3rd...could you please list a few things that Firefighters do, when not on call or in the field? (Things that are done, IN THE STATION...whether leisurely or work related)

    Lastly...what are some things that you feel have not been properly portrayed in the movies, in FIRE FIGHTING SEQUENCES? (ie...one not wearing their air tank).

    Thank you...and I apologize in advance, if this is the wrong forum for these types of questions.
    1.) Not Applicable, far as I know, DCFD is paid.
    2.) Varies from dept to dept. Vol vs. Paid isn't the real difference but certification levels are. A certified FF II would be expected to know more and therefore do more than FF I. Different depts have different rules about what there paid and vollies must be certified too and what they can do. Most that I know are certified the same and would perform the same.
    3.) truck check, trwaining, CEs, pub ed, hydrant checks and commercial fire inspections...and at night we all spoon in one big bed.

    4.) most mainstream FF movies are a joke. some small semblances of reality in each one, but mostly hokum. the biggest deal is that when you're interior and firefighting you cant see a damn thing. seems all the movies show a nice crystal-clear view of the "action". always bothered me.

    please do the world a favor and get a real fireman to be your technical advisor.

    mucho thanks.

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    I received most of my inspiration from BackDraft. I just didn't really know what to do with that inspiration.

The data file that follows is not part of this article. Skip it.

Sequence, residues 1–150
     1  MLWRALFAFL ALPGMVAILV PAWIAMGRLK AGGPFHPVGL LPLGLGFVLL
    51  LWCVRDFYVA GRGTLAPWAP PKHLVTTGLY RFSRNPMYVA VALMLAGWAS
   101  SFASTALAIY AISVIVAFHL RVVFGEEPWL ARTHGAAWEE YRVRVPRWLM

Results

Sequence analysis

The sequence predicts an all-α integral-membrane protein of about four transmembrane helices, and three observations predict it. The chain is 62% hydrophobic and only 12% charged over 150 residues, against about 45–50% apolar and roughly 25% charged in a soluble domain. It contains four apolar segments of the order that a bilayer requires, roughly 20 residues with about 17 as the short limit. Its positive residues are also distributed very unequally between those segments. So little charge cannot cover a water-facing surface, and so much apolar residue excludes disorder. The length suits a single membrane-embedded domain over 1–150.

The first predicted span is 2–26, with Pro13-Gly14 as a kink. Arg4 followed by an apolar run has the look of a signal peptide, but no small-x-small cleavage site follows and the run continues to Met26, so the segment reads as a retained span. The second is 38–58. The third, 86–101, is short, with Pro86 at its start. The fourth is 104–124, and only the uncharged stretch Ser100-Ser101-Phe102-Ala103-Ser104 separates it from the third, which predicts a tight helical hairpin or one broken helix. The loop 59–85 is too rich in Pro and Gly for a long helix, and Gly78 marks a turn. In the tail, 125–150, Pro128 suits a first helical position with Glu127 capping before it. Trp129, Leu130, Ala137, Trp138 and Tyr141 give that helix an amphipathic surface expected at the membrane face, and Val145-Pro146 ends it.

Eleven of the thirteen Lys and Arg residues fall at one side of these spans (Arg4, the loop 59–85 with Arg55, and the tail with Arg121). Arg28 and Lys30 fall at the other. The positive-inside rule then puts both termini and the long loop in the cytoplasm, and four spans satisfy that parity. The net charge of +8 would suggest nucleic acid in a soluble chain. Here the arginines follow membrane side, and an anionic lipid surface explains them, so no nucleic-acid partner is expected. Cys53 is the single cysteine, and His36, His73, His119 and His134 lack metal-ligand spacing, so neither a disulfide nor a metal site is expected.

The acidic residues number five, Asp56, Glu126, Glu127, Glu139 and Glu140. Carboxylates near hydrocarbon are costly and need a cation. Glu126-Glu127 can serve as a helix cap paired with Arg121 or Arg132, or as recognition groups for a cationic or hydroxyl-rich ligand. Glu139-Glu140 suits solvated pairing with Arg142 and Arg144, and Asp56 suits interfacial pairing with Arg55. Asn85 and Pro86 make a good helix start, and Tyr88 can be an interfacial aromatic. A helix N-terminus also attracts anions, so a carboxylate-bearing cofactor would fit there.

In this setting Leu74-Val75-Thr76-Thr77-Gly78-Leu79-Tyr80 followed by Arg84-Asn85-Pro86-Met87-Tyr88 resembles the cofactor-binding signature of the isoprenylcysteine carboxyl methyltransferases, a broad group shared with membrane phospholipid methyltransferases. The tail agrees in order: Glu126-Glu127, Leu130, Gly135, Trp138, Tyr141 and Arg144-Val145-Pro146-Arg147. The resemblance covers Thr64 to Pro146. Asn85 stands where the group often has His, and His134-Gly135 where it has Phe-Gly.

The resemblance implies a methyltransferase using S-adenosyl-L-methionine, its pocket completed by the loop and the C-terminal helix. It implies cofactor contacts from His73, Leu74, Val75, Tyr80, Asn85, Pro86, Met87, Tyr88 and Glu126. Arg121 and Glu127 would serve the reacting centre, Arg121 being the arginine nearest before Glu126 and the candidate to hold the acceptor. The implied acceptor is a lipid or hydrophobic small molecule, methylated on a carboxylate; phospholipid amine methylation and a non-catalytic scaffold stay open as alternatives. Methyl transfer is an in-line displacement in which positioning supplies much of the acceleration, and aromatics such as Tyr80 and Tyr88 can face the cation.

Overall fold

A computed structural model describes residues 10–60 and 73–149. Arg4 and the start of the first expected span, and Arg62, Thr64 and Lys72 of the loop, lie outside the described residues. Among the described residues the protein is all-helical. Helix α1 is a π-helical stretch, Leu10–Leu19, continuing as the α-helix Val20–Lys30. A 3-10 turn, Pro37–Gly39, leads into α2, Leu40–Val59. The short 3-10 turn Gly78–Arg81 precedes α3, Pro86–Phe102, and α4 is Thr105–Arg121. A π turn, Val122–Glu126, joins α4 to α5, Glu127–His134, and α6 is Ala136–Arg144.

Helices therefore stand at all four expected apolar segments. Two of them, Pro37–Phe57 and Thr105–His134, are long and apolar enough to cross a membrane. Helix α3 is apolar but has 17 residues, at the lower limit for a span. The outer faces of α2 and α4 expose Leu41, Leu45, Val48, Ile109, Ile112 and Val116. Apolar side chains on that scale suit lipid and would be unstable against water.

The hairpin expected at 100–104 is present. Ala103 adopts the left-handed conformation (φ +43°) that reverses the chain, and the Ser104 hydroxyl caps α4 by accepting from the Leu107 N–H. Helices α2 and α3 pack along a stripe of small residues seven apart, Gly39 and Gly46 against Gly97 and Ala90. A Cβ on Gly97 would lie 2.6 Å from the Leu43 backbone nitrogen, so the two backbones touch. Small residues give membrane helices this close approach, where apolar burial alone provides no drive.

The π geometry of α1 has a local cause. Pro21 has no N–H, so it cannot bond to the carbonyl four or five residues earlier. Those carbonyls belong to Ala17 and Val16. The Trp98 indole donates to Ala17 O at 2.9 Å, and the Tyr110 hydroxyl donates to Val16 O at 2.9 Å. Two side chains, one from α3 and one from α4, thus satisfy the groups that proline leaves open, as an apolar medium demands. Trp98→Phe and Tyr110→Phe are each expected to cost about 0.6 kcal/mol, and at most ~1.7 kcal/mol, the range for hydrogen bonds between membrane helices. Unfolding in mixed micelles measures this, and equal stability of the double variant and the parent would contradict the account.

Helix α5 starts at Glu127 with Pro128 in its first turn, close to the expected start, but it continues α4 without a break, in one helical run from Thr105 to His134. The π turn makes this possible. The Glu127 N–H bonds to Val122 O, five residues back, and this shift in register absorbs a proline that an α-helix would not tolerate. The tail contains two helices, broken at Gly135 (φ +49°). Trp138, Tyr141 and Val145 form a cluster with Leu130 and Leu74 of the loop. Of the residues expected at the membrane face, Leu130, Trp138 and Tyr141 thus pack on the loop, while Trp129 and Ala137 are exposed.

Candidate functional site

Hollywood is... well it is Hollywood.

    What happens on the big screen might be reflective of what we do, but not 100% accurate. Unless there is something huge going on, we don't respond to another fire, or bombing or collapse every 5 minutes.

    We do have our busy times, but the action is not exactly what the actors performance indicates. Not every call needs the dramatic music in the background. I have been on a few calls that some dramatic music might have been nice, but that is mostly after we get back to the station.

    Much like our actor counterparts, we have a streak within us that makes us take ourselves more seriously than anyone around us does. This should not be included within your project, since this is a "top secret" secret. It is because of what we are, what we do, and what we stand for.

    If everything goes to hell.... who you gonna call?

    And as has been stated by our esteemed collegue Cappy05:

    One thing to note is a FIREFIGHTER takes his/her job seriously, which creates a lot of tension and stress, joking is one way to deal with it.
    HAVE PLAN.............WILL TRAVEL

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    The downtime in a paid house is mostly devoted to knitting and manicures.

    I am now a past chief and the views, opinions, and comments are mine and mine alone. I do not speak for any department or in any official capacity. Although, they would be smart to listen to me.

    "The last thing I want to do is hurt you. But it's still on the list."

    "When tempted to fight fire with fire, remember that the Fire Department usually uses water."

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    Again...for those of you who were offended by someone asking questions about your profession, I sincerely apologize. If you Google, BEST FIREFIGHTER MOVIES, there are generally 2 or 3 movies mentioned in every list, however, there are tons of comments, saying that the movies listed, were drastically unrealistic. I just wanted to ensure, that the small amount of fire fighting involved in this project, came across as credible.

    For those of you who were about to "shoot their load," based solely on my questions...I applaud you! That's really impressive.

    For the people with popcorn, nachos, or even the one's without, but looking to score some...check your local grocery store. There should be some really nice sales this week.

    THANK YOU, to all whom responded in a serious manner.